If there is enough buying to overcome all the selling, the market will continue up. If not, the insiders will have a wonderful time selling the market short, especially those who know this was an engineered move. note: don't think for one moment that there is not

COLLUSION BY INSIDERS TO MANIPULATE PRICES.

What will happen is that not only will selling be done for purposes of liquidation, but also for purposes of reversing position and going short. This means the selling at the buying climax may be close to triple the amount it would normally be if there were only profit taking.

Why triple? Because if prices were engineered upward by a large operator whose real intention is to sell, he will need to sell one set of contracts to liquidate all of his buying, and perhaps double that number in order to get short the amount of contracts he originally intended to sell.

The buying from the outsiders will have to overcome that additional selling.

Because of that fact, the charts will attest to a false breakout. Of course, the reverse scenario is true of a downside engineered move resulting in a false breakout to the downside.

warning: moving the market as shown in the previous example is

NOT SOMETHING THE AVERAGE TRADER SHOULD ATTEMPT!

It is very important to realize what may be happening when a market approaches a Ross Hook after having been in a congestion area for awhile. The prior pages have illustrated this concept.

With the preceding information in mind, let's see how to accomplish the Trader's Trick.

As prices approach the high of the point of a Ross Hook, we buy a breakout of a price bar high that is in the correction. We want to make sure that there is sufficient room between the entry and the Ross Hook so that if all that happens is that prices above the Hook are violated and we must exit, we will still have a profitable trade. There is always the possibility that we will get nothing more than a double top or a false breakout. If so, we will have traded for free, having covered our costs and taken a small profit as well.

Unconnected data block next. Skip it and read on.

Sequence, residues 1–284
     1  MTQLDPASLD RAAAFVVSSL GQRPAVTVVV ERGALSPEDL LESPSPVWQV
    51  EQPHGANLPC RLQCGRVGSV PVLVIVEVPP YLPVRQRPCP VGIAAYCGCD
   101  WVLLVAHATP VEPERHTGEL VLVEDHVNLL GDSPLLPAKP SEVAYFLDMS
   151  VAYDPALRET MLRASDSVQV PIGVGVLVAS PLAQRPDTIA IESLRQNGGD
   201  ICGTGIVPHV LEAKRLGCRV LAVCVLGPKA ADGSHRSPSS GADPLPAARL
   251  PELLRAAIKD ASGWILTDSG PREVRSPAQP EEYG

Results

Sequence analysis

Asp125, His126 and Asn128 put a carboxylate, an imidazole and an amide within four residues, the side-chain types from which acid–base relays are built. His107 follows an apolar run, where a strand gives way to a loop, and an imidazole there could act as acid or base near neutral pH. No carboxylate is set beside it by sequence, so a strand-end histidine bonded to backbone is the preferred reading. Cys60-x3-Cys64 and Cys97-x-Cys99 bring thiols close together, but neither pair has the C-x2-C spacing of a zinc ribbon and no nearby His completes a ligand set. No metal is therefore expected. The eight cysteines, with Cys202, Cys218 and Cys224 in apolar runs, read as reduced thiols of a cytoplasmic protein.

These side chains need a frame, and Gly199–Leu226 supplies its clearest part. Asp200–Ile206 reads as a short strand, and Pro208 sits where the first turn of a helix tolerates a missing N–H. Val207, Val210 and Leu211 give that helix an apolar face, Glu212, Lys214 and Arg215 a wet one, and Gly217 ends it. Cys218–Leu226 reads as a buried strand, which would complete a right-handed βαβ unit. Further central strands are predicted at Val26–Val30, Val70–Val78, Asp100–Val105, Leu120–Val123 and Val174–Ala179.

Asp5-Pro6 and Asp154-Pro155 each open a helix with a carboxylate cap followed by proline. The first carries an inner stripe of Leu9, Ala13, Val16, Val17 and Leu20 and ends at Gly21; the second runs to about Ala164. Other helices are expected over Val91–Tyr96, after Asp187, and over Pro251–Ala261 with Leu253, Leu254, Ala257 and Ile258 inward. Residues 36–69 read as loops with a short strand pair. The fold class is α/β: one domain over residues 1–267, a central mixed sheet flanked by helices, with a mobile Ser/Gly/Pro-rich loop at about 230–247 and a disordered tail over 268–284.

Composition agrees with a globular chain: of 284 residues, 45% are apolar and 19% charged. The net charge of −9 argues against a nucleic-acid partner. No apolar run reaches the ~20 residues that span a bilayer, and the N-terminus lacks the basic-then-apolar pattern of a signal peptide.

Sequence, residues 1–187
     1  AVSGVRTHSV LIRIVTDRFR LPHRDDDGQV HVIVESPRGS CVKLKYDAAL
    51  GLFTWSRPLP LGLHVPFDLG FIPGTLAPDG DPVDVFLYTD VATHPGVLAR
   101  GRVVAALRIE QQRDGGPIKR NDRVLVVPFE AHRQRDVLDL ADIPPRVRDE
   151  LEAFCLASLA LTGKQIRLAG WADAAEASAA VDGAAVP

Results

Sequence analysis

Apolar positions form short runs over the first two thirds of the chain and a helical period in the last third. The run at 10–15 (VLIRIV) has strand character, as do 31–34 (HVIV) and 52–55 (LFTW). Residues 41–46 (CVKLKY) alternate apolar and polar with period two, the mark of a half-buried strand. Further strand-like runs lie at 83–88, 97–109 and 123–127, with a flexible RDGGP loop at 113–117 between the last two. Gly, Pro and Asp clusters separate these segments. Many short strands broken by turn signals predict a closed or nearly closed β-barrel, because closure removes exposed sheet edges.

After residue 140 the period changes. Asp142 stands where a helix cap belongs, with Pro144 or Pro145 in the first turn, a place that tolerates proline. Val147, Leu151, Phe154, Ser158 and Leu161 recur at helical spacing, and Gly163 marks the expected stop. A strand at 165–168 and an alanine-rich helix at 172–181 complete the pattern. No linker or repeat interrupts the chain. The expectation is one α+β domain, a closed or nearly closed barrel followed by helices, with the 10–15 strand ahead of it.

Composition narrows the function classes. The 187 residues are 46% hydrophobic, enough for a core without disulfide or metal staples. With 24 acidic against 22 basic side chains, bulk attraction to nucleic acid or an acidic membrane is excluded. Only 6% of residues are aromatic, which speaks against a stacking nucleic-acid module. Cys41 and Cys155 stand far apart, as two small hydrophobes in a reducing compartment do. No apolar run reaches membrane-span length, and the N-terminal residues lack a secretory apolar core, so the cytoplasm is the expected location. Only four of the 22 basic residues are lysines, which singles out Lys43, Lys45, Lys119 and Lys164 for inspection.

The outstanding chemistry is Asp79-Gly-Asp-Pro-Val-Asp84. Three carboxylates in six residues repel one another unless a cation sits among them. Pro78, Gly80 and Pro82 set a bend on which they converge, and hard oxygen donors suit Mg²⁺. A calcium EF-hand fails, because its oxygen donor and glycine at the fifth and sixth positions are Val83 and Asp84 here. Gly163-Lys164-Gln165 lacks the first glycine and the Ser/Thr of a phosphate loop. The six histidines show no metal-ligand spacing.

On the chart above the Rh is the high. There were two price bars following the high: one is the bar whose failure to move higher created the Hook, and the other is one that simply furthered the depth of the correction.

Let's look at that again by breaking it down in detail in an example.

Following the high is a bar that fails to have a higher high. This failure creates the Ross Hook, and is the first bar of correction. If there is sufficient room to cover costs and take a small profit in the distance between the high of the correcting bar and the point of the Hook, we attempt to buy a breakout of the high of the bar that created the Hook, i.e., the first bar of correction. If the high of the first bar of correction is not taken out, i.e., violated, we wait for a second bar of correction.

Once the second bar of correction is in place, we attempt to buy a violation of its high, again provided that there is sufficient room to cover costs and take a profit based on the distance prices have to travel between our entry point and the point of the Hook.

If the high of the second bar of correction is not violated, we will attempt to buy a violation the high of a third bar of correction provided there is sufficient room to cover costs and take a profit based on the distance prices have to move between our entry point and the point of the Hook. Beyond three bars in the correction, we will cease in our attempt to buy a breakout of the correction highs.

What if the fourth bar did as pictured on the

left? As long as prices are moving back up in the direction of the trend that created the Ross Hook, and as long as there is sufficient room for us to cover costs and take a profit, we will buy a breakout of the high of any of the three previous correction bars. In the example, if we were able to enter before prices violated the high of the second bar of correction, we would enter on a violation of the high of the second correcting price bar. If not, and there is still room to cover and profit from a violation of the first correcting price bar, we would enter there. Additionally, we could choose to enter on a takeout of the high of the latest price bar as shown by the double arrow, even if it gaps past one of the correction bar highs.